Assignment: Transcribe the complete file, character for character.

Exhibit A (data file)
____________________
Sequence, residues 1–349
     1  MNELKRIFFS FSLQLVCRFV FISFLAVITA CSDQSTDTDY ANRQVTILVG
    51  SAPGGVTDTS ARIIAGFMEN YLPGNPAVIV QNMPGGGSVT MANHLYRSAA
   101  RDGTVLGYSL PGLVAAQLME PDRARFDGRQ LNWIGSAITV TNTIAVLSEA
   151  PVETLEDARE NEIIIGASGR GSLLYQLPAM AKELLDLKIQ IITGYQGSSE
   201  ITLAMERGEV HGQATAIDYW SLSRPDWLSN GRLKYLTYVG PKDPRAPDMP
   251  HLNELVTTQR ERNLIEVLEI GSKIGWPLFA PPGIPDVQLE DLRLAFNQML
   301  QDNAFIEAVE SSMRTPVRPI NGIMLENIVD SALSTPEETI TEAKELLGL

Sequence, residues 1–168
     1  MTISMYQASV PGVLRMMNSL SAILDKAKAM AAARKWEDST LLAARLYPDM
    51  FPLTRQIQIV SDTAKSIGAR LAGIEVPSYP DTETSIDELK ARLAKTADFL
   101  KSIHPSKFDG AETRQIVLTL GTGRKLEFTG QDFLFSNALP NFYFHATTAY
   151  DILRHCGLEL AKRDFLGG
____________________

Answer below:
Sequence, residues 1–349
     1  MNELKRIFFS FSLQLVCRFV FISFLAVITA CSDQSTDTDY ANRQVTILVG
    51  SAPGGVTDTS ARIIAGFMEN YLPGNPAVIV QNMPGGGSVT MANHLYRSAA
   101  RDGTVLGYSL PGLVAAQLME PDRARFDGRQ LNWIGSAITV TNTIAVLSEA
   151  PVETLEDARE NEIIIGASGR GSLLYQLPAM AKELLDLKIQ IITGYQGSSE
   201  ITLAMERGEV HGQATAIDYW SLSRPDWLSN GRLKYLTYVG PKDPRAPDMP
   251  HLNELVTTQR ERNLIEVLEI GSKIGWPLFA PPGIPDVQLE DLRLAFNQML
   301  QDNAFIEAVE SSMRTPVRPI NGIMLENIVD SALSTPEETI TEAKELLGL

Sequence, residues 1–168
     1  MTISMYQASV PGVLRMMNSL SAILDKAKAM AAARKWEDST LLAARLYPDM
    51  FPLTRQIQIV SDTAKSIGAR LAGIEVPSYP DTETSIDELK ARLAKTADFL
   101  KSIHPSKFDG AETRQIVLTL GTGRKLEFTG QDFLFSNALP NFYFHATTAY
   151  DILRHCGLEL AKRDFLGG